May 26, 2019
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How a poet born 120 years ago perfectly expressed what we’re feeling today

George Danby | BDN
George Danby | BDN

Seriously, I love to laugh. A good roar of glee can lift the spirits. But given the ongoing multiringed circus of dueling political egos in this country, I sometimes wonder if the joke is on everyday people. This drawn-out, divide-and-conquer, bigotry-mongering political masquerade often fueled by corporate money, media and, for better or worse, marketers, publicists, advertisers, research analysts, cyberspace racketeers and so on makes the general voting public weary, superstitious and cynical.

Our ability to be a citizen voice who can freely exercise our right to choose who leads us is under constant challenge. This attack-and-defeat mode is draining our hearts of empathy, understanding and trust. It’s not as easy to laugh out loud (lol) any more.

Admired for his talent as a lyricist in the theatrical and film world, E.Y. “Yip” Harburg wrote the lyrics for iconic American songs, including “Somewhere Over the Rainbow,” “It’s Only a Paper Moon,” as well as the lyrics for “The Wizard of Oz,” “Finian’s Rainbow,” “Bloomer Girl” and the 1943 film adaptation of the musical “Cabin in the Sky,” one of the first to star African-American talent targeted to a mainstream audience that featured Lena Horne, Ethel Waters, Eddie “Rochester” Anderson, as well as Louis Armstrong and Duke Ellington.

In 1932 during the Great Depression, Yip’s lyric for the song “Brother, Can You Spare a Dime?” swept the globe, largely because of its ironic depiction of the human cost of capitalism.

They used to tell me I was building a dream
And so I followed the mob.
Where there was earth to plow or guns to bear
I was always there, right on the job.

They used to tell me I was building a dream
With peace and glory ahead
Why should I be standing in the line
Just waiting for bread?…

Yip’s parents were late 19th century immigrants who worked in the New York east side sweatshops. Surrounded by human struggle, he inherited his humor and life perspectives from a loving, literate and politically progressive father and his courage from a stern Jewish mother, according to his son, Ernie. His light verse is funny, thought provoking, with an absence of a bully pulpit style. In a few short lines, he manages to pare down life on earth.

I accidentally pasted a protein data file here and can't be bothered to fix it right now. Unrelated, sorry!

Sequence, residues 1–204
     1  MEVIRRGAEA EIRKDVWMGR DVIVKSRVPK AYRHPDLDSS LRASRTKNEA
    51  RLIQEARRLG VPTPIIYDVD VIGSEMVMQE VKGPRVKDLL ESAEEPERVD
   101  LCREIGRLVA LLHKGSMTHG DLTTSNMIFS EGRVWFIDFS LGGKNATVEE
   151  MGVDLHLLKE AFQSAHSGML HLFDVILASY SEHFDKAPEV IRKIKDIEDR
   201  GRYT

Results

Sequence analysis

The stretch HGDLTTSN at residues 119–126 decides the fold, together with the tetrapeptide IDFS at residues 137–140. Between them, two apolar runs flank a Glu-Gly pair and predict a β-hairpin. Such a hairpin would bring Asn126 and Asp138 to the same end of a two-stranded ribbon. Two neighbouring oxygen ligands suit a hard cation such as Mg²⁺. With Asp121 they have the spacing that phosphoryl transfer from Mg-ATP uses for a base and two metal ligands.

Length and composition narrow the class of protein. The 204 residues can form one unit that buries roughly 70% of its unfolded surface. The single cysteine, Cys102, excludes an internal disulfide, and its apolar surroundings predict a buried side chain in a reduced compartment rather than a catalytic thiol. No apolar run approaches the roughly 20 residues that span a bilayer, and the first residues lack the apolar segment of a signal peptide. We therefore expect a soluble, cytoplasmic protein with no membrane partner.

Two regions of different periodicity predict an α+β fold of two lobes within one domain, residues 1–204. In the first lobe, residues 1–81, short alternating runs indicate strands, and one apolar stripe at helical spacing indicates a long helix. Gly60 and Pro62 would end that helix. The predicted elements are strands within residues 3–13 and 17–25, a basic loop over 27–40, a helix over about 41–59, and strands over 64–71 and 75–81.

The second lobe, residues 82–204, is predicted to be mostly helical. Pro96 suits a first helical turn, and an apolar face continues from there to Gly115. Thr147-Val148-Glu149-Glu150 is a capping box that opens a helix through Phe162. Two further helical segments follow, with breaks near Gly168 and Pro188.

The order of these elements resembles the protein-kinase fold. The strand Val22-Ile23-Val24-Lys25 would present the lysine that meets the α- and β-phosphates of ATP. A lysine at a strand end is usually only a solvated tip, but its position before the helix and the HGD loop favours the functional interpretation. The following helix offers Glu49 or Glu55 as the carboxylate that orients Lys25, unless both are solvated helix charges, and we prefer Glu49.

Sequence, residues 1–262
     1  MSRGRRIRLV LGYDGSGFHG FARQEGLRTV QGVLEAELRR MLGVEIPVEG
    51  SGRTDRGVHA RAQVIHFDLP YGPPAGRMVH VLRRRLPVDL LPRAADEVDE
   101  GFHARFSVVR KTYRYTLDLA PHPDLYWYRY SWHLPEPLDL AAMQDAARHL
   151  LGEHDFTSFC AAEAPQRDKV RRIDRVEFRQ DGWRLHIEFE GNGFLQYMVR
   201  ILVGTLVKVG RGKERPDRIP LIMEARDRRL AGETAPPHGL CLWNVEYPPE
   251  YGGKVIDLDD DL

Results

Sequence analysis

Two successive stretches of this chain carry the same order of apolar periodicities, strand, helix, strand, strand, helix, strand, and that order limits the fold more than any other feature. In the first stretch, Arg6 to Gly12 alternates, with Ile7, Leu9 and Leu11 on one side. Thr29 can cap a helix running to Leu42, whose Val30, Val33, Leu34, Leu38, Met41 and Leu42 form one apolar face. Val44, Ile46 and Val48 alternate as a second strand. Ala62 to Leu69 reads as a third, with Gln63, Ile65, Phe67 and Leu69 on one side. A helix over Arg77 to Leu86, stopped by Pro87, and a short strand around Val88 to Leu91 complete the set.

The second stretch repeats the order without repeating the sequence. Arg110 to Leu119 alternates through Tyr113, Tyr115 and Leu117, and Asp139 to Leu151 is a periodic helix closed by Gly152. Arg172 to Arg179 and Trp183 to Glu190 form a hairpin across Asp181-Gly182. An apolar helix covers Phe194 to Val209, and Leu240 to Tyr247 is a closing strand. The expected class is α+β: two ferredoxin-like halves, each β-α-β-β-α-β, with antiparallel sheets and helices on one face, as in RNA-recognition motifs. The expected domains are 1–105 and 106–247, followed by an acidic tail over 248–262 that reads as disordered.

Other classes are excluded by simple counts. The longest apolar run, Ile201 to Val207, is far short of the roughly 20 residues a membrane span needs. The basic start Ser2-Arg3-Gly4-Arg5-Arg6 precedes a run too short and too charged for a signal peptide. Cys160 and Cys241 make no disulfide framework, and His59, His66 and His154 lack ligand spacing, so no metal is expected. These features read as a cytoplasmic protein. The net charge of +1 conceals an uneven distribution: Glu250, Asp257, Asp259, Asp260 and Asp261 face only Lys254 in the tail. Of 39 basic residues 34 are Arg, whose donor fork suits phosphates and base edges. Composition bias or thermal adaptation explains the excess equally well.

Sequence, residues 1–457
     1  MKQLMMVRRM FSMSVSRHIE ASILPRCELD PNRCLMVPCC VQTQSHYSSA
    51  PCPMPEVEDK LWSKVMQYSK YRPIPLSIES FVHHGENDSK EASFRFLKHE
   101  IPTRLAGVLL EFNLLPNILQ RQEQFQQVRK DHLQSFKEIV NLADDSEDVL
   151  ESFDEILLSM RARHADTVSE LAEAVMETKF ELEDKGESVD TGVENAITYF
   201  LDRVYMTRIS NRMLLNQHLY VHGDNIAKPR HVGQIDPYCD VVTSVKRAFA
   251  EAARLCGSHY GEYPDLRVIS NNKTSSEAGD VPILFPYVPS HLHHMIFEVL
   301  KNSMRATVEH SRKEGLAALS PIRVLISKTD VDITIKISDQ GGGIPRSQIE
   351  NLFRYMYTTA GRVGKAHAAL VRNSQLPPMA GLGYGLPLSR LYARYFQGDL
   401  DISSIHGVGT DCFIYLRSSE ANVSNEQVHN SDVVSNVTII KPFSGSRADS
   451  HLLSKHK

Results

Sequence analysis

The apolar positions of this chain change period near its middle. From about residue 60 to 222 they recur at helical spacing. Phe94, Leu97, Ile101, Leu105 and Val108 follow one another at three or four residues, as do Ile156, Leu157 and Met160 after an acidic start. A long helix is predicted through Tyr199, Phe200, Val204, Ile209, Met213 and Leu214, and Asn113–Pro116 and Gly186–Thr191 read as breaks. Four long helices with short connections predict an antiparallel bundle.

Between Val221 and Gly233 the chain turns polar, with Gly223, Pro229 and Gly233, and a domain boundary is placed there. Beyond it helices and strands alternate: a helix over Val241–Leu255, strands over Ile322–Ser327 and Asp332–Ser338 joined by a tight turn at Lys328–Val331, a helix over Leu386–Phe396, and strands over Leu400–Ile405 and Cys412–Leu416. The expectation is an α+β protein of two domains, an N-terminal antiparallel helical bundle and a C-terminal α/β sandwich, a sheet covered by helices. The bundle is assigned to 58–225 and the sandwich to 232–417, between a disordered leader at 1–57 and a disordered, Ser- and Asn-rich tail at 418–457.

Considered a secular songwriter, theater became his temple. He gave license to singers, dancers and actors to thrive on the stage and in film with social consciousness. When this lyricist wrote about our “honky-tonk parade,” a “Barnum and Bailey world” and life as “phony as it can” he was criticizing the corporate and political leadership in this world with dramatic flair.

I often reach for my well-worn copy of Harburg’s “Rhymes for the Irreverent,” illustrated by Seymour Chwast, when I feel anxious after listening to or watching the news reports. Published by the Freedom from Religion Foundation in collaboration with the Yip Harburg Foundation, it is a compilation of rhymes that reveal another creative dynamic of the songwriter. His themes are wide-ranging, including philosophy, war, religion, ethics, Watergate, the Pentagon, music, literary criticism, art, truth and, of course, love. “His rhymes see contemporary life as endlessly menacing, but ultimately hopeful,” stated Fred Saidy, his co-librettist of the Broadway musical “Finian’s Rainbow.”

On politicians, Harburg’s “Shall I Write a Letter to my Congressman?”

Each Congressman has got two ends,
A sitting and a thinking end.
And since his whole success depends
Upon his seat — why bother, friend?

Regarding banks and worship, Harburg’s “Heavenly Vaults”:

Where banks all look like temples,
And temples look like banks,
Where does one count his blessings?
Where does one offer thanks?

You sense the holy places
By the faces in the ranks,
The bankrupt in the temples,
The worshipful in banks.

In “The Fare-Thee Well State”:

The people live on welfare,
The moguls live on oilfare.
The generals live on warfare,
Can anything be more fair?

Harburg’s artful lyrics and rhymes are awash in social messages. He anticipated many of the deep-rooted issues that plague our society. In his own words, Yip was a rebel with a cause, who was determined to protest all he saw as unjust and force us to face up to root causes of suffering and inhumanity, while rising above despair. His words speak for themselves with just the right touch of irreverence, childlike wonder and the ultimate hope of a better future.

“The Pause That Depresses”

I scan the world at 74
And after a double take,
I find that life is a state of war
And peace is a coffee break.

Leigh Donaldson is a Portland writer. His writings on international, national and regional politics, business, social issues, history, art, culture and travel have appeared in a number of print and online publications.

 



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